Kurds describe massacre by Iraqi soldiers

Testimony in genocide trial of Hussein

November 01, 2006|By Louise Roug | Louise Roug,LOS ANGELES TIMES

BAGHDAD, Iraq -- The night before, guards separated men from women, children from adults, before reading a list of names "like the day of judgment." As morning broke, soldiers loaded those who had been called onto windowless buses, taking them into the desert.

The Kurdish detainees were tied, blindfolded and their identification papers were taken away. Then the guards opened fire.

"All around us was dirt and smoke," a witness recalled yesterday, testifying in the genocide trial of Iraqi former President Saddam Hussein. "At first I thought I was hit, but I just didn't feel it."

The Kurd, whose name was not released by the court to protect his identity, took the witness stand in the Baghdad courtroom to recount how he feigned death to escape.

Thrown into a mass grave along with his cousin, he stayed still among the dead and the dying even as an officer came down into the trench, shooting those who were still moving. After night fell, the witness said, he was able to climb out of the pit and flee the killing fields.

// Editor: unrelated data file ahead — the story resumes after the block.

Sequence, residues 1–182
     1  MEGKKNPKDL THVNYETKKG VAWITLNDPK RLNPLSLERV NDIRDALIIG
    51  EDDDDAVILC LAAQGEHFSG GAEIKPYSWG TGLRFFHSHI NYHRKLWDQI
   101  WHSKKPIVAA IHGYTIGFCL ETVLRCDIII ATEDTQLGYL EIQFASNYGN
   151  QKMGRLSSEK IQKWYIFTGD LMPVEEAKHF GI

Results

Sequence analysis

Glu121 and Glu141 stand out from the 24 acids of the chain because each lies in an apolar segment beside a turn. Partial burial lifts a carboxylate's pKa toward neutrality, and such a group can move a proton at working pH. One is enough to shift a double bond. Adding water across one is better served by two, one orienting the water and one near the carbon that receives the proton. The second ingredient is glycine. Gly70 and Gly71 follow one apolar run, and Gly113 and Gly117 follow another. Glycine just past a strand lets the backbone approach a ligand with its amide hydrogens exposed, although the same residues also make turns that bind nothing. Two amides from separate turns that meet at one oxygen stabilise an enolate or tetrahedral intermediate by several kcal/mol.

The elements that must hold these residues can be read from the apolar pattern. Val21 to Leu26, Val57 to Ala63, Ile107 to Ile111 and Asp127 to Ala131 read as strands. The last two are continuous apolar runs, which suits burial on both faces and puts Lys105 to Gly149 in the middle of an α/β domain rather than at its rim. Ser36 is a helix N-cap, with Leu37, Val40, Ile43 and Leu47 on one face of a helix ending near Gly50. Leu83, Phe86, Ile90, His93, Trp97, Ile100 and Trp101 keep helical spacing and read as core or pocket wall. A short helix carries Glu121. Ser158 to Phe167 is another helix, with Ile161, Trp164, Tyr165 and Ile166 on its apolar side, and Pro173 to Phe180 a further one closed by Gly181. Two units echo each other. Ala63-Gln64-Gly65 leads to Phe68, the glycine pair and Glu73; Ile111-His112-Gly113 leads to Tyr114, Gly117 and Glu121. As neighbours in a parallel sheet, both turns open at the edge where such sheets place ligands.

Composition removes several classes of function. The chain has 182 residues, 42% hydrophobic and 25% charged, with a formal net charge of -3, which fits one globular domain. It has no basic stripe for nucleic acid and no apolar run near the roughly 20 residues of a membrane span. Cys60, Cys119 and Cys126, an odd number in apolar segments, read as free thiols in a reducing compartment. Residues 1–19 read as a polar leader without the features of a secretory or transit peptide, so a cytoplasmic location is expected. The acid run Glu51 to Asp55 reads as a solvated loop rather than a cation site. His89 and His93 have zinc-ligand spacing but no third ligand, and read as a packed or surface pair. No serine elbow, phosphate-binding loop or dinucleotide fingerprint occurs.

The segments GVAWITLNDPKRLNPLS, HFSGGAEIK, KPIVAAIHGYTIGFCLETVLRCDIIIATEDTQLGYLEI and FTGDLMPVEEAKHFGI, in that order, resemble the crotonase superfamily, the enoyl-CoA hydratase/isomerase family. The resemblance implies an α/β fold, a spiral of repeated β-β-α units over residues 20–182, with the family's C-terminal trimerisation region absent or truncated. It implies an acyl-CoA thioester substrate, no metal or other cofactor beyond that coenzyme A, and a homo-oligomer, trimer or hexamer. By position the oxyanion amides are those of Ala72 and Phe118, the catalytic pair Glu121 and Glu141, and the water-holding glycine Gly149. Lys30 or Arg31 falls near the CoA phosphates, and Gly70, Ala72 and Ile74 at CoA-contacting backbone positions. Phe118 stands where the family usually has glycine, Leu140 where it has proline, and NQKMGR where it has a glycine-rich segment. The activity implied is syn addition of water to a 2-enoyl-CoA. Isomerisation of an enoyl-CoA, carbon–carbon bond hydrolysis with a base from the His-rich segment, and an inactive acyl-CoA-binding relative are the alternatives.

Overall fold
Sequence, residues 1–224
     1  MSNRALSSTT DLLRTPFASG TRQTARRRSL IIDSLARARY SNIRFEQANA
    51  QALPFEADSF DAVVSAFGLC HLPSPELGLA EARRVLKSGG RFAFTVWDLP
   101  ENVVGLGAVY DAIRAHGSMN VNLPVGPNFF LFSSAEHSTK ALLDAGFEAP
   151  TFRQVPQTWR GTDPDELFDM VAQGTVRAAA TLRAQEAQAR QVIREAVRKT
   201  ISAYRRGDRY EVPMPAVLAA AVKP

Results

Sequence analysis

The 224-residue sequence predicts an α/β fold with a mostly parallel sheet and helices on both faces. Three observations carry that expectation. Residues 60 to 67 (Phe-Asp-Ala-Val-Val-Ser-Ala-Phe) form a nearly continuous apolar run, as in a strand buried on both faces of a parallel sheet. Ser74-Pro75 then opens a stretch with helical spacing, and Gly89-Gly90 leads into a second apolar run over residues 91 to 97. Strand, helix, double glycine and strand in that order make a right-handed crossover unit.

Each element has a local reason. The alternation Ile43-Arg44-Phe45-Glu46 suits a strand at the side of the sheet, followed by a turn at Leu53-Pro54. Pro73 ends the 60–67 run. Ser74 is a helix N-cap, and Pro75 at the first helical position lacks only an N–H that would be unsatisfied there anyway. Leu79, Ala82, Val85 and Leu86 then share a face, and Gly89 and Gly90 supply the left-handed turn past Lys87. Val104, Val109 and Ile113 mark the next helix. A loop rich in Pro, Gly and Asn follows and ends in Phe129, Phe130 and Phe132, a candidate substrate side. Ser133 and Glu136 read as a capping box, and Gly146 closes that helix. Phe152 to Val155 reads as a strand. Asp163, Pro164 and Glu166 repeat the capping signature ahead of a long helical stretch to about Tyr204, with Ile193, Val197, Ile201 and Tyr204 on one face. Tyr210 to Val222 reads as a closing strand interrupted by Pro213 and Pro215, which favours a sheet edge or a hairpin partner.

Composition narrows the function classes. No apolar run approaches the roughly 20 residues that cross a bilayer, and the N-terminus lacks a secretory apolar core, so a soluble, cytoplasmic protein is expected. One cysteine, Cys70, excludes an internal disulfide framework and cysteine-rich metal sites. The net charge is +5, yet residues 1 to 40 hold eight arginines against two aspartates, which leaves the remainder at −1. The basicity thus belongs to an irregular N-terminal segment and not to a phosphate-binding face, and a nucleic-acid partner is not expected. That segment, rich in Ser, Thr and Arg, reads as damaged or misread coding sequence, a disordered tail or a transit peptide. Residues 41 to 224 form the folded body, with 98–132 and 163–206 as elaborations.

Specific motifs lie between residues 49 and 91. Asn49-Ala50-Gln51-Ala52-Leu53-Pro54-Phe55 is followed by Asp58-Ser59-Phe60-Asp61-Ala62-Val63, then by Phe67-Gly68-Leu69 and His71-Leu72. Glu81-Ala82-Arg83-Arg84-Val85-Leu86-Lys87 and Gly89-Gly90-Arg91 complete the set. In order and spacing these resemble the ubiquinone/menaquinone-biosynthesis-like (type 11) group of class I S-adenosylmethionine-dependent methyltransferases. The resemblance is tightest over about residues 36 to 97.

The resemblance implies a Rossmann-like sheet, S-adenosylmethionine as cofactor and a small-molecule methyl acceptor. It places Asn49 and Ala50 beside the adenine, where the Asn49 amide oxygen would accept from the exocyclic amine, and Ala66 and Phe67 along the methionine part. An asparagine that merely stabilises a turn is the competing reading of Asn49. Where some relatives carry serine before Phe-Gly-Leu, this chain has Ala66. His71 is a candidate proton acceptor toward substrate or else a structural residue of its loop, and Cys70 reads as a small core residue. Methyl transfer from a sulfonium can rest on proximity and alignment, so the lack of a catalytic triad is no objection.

Yesterday's account by five witnesses echoed previous testimony in the trial.

Hussein and six co-defendants face charges in the deaths of tens of thousands of Kurds by firing squad and chemical warfare during a campaign in the late 1980s known as Anfal, or "spoils of war." Although the stated goal of the campaign was to suppress an uprising by Kurdish rebels, most of the victims were civilians.

Bafreen Mohammed, 39, testified yesterday about how an aerial attack on her village killed her 7-year-old son and blinded her.

While the testimony has been dramatic, there have been less theatrics in the courtroom during the Anfal case than in a previous trial of Hussein for the deaths of 148 Shiite Muslims in the village of Dujail during the 1980s. However, in September, the entire defense team walked out of the current trial, protesting the removal of a previous judge.

Hussein's lawyer returned to the courtroom Monday but left again after an argument with the new judge, Mohammed Orabi Khalefa.

Louise Roug writes for the Los Angeles Times.

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